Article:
One of my favourite short stories is Ray Bradbury’s ‘The Toynbee Convector’. Without giving too much away, it’s set in a near future where humanity has finally worked out how to live with each other. During the course of the story the central character reveals to a journalist the colossal fraud he perpetrated in order to drag the world back from the brink of destruction. In so doing he single-handedly establishes the utopia of the story’s setting. It’s an optimistic short story and it fills me with hope. It’s an aspect of science-fiction I like. Science-fiction is about the exploration of ideas. It is a genre with influence. The evolution of technology is evidence of this. These days science-fiction is too frequently used, particularly in film, to satisfy the popular obsession with blood, guts, pointless heroics and doom. In doing so the genre sells itself short.
Why do we display such an automatic fascination with the negative when we have a boundless creative capacity and, one would hope, an innate desire for the positive? At what point does humanity collectively decide to stop being a group of adolescents and begin behaving like adults? Like it or not we are all reservoirs of information and ideas. Collectively we build the future.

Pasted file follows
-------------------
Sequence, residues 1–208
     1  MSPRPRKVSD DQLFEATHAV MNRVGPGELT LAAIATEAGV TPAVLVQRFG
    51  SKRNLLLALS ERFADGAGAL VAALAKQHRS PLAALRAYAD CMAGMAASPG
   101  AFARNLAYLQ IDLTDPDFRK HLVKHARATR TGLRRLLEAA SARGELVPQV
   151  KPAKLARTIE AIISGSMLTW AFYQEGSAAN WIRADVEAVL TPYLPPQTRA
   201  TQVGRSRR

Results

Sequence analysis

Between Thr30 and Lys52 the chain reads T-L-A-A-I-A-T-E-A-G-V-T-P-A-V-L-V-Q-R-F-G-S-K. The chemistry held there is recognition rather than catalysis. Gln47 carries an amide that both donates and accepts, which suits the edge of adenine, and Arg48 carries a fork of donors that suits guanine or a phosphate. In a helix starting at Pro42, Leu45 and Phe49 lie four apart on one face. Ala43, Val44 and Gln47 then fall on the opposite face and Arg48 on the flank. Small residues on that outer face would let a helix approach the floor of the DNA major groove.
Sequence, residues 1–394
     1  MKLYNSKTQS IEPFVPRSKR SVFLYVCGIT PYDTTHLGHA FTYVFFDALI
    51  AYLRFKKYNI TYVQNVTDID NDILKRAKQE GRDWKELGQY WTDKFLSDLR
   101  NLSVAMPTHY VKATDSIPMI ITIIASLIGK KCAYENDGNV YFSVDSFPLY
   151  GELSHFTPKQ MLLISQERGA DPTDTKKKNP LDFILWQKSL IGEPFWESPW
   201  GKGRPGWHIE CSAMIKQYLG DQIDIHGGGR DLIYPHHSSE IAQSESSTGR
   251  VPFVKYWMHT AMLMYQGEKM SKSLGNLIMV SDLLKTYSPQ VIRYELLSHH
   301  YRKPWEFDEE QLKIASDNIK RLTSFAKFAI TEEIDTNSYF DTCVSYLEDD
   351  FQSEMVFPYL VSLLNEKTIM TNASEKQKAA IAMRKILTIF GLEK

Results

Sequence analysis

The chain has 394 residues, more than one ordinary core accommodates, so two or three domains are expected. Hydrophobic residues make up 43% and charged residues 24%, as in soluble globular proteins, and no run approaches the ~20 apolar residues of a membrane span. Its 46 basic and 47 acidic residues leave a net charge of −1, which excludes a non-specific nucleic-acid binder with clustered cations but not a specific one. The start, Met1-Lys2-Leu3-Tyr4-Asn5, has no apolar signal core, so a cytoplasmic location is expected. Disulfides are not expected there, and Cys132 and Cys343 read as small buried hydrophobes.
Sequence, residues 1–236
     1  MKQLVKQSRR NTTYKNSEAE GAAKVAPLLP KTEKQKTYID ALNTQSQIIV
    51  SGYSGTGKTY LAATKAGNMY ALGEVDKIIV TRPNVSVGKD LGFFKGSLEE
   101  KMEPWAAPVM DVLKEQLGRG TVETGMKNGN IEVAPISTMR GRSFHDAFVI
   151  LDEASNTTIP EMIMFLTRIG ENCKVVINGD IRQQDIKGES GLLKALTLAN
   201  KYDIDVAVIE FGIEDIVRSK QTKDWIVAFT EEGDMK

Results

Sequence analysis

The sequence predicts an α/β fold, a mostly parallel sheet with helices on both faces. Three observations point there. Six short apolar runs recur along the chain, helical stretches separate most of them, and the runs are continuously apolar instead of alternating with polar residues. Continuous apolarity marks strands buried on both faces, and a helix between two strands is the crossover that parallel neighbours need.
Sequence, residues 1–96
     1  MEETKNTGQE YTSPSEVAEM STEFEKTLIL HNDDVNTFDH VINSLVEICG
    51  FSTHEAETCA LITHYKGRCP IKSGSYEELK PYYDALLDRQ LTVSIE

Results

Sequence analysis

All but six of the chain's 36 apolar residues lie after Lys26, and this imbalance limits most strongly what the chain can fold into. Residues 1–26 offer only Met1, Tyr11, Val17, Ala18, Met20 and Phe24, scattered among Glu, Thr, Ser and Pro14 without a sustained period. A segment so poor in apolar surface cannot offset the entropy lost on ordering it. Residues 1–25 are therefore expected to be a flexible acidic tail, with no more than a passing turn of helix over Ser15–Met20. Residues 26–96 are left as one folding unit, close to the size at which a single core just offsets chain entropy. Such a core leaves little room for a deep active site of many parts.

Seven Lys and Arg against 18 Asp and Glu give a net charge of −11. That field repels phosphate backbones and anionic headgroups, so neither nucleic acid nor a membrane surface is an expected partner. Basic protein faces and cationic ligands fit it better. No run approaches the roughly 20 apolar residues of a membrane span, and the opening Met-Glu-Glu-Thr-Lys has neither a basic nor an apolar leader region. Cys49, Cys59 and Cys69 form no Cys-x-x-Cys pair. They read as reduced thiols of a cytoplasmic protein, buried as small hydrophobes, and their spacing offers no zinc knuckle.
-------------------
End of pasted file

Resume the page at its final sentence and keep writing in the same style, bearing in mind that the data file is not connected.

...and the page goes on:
Some shape the future by their actions (The Transition Network). Some teach (Solar Mommas), others may write, make films, or express it through their art. Then there those like Lachie Coman. For many, the exchange happens over lunch, a drink or coffee. At these junctures do we choose to add to the milieu of gloom or do we discuss solutions? In the 21st century the world is connected for the first time in history. The information flows 24/7 and we all have influence.
Whether we realize it or not, technology continually monitors how we live our lives. The loyalty card you use at the supermarket provides information on your buying habits. Cookies from websites, tweets and Facebook ‘likes’ all provide information on who you are and what you do. No doubt some find this ‘Orwellian’. But perhaps the paradox is that we are now more empowered. By making positive conscious choices about what we buy, and what we do and say online, we will influence decisions by those who mine this data. For example, organic products are now sold in mainstream supermarkets. The information flows 24/7 and it flows both ways.
The science-fiction of my childhood is becoming my reality. So let’s continue to ask ‘what if?’. As Captain Jean-Luc Picard once said, ‘Money doesn’t exist in the 24th century. The acquisition of wealth is no longer the driving force in our lives. We work to better ourselves and the rest of humanity.’ And while it may seem like a pie-in-the-sky philosophy I’d rather hear that speech in a science-fiction movie than witness an apocalyptic scenario any day.